“You win some, you lose some” – Talitha Stoffer (among others)
I’ve been brewing on this, “You win some, you lose some” idea because recently I had a friend throw it out to me, and I just kind of shrugged it off as a lame answer, a cliché.
I ask a genuine question and you blow me off like I’m a 3 year old kid asking “why?” for the 17th time in a row?
I was irritated. Until it sat there and grew on me like a fungus.
“You win some/You lose some” changed my entire outlook on parenting.
When these olden days oft-repeated clichés and their modern counterpart “memes” hit you and are applied in a different perspective than you were expecting – they blow your mind! They aren’t simply some little head nod of agreement but an – “ahhhhh, I just won a set… in life.” experiences. These ideas MADE facebook and Insta what it is today.
“They wouldn’t be cliche’s if there wasn’t some truth to it.” – everyone’s Grandma.
So Here’s how my awakening went down…
Years ago, when we were looking for a pediatrician, we had to search a few different clinics to find a doc that would satisfy what we were looking for as far as our personal beliefs and lifestyle. For our babies, even things such as vaccinations are a big game-changer for who we use as doctors. Our family is not “anti-vax” however we simply wanted to spread out our vaccinations over the course of time a little to hopefully have a smaller impact on our growing one’s immune system. No big deal, we weren’t looking to not vaccinate – we were just looking to spread out our timetable a bit.
Many of the doctors wouldn’t or were not open to any changes to their standard of practice. Many of them just thought we were far-out hippie/granola chiropractors that scoffed at conventional medicine and were endangering our children and basically ran us out. At the time, I thought it was strange however the vaccination debate has become a HUGE population splitter in the last 2 years. It makes sense NOW…but this was a decade ago. It was weird. Again, for us, it was no big deal, they’re still great doctors, it just wasn’t what we were looking for.
We had to find the right fit for US.
We shortly found the doctor that we liked and have used him ever since. We have been with him now for nearly 10 years. He has always served us well and we are happy. Lately however, he seems to have been getting over-analytical and too apt to jump the gun.
Being a pediatrician can’t be an easy job. My clients literally come into the clinic and say, “I hurt right here!” The decision-making process with little kids that can’t really speak or help direct your flow and diagnosis has to be rough. It’s difficult, so I understand. But I don’t want to discuss with the pediatrician that my son may have to go to the hospital for a few nights when he has a spider bite or basic cold. It just seems that some of our minor concerns have become major issues with him the last few visits. He’s too nervous, too cautious. So my wife and I were discussing what we were looking for in a new pediatrician and how we would go about in essence -firing him.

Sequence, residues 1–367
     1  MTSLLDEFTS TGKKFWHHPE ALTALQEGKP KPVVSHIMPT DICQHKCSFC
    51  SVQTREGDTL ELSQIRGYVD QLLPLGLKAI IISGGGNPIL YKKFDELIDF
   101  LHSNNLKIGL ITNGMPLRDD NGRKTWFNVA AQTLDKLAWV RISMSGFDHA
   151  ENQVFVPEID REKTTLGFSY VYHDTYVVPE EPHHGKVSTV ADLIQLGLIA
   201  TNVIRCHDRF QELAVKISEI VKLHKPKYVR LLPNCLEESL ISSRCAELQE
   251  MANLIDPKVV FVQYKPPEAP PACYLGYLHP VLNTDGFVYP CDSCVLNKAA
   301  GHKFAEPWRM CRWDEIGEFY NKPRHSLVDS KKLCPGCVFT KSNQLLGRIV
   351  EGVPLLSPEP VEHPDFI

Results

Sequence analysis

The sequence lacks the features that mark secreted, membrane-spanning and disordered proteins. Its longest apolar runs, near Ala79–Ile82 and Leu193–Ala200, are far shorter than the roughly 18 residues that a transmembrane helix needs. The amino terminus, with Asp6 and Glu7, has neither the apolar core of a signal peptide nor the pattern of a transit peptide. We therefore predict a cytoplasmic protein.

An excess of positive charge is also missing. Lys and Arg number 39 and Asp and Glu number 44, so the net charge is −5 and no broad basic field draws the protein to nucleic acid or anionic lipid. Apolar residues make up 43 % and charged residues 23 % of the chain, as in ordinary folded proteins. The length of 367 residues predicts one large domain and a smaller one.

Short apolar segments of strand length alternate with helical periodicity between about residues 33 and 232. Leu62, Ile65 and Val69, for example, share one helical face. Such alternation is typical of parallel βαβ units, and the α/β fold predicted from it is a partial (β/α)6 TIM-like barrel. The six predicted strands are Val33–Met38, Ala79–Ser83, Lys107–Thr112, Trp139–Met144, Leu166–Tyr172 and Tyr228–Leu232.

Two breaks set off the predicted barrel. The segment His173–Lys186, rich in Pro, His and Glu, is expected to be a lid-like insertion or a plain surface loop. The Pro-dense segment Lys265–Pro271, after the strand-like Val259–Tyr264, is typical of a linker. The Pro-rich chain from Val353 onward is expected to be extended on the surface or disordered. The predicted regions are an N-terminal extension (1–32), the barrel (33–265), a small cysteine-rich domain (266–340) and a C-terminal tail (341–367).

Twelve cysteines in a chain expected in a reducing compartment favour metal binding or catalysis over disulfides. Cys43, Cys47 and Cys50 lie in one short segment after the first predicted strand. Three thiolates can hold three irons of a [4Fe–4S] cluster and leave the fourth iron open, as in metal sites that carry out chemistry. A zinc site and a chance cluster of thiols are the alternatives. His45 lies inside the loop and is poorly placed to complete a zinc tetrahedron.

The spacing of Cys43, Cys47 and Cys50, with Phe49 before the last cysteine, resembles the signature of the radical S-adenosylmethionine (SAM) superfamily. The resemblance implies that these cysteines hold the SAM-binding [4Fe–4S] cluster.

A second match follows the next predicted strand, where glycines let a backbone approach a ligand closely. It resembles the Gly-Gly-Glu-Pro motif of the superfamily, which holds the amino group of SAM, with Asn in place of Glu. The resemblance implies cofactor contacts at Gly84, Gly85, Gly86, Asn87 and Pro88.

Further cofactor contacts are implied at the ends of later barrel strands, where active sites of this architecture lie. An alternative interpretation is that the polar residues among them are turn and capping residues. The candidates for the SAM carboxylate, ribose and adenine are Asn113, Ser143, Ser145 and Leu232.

At the playground after school one day, I was talking to Talitha, one of our friends, about her decision-making process and I asked her, “How are things with your pediatricians through the military base? We have an issue that we are having with ours and are looking around -our guy is just not working. You guys have moved around a lot, what works for you and what have you found?”
She stated immediately, I mean, zero pauses…“Like everything I guess, you win some, you lose some.” She continued, “I’m not sure you will ever find someone that does everything exactly like you prefer so we take what our guy says when applicable and do it our way or look for a second opinion when it doesn’t seem to fit us.”
Yeah, Whatever girl, you’re giving me a cliche?
Fast forward 20 minutes as I walk into the house, “Hey Nikki – I think we’re fine with our pediatrician. He seems to really do a good job when we need him to and he’s always been there and been able to get us in when we need to. He just sometimes gets a little bit over concerned. At least we have someone that cares and can offer us his best opinion based on the circumstances, at the end of the day it’s up to us to decide what’s best for our kid though.”
Yeah, you win some – you lose some.
The simple cliché just fits perfectly. The entire process of sorting through the internet, the waiting rooms, the interviews during our kids coughing fits, the insurance BS, the inevitable small issues we would chalk up as a fail later – all of it – gone – by a simple statement from a friend with more experience and/or better insight than myself.
It’s not going to be perfect, it’s going to be good. It’s the law of 7’s and all is well.
Talitha, thanks for that – you probably don’t even remember saying it but it had an impact and made a HUGE difference in my life and a colossal difference in my PITA quotient. (Pain in the ASS)
I’ve since used this quote while at the grocery store, while discussing what dinner we were going to eat, when discussing what kids sporting event we were going to set up for and at what time, and countless other appropriate minor league operations in my life. Each of which has simply yet physically “de-stressed” and saved time in my world.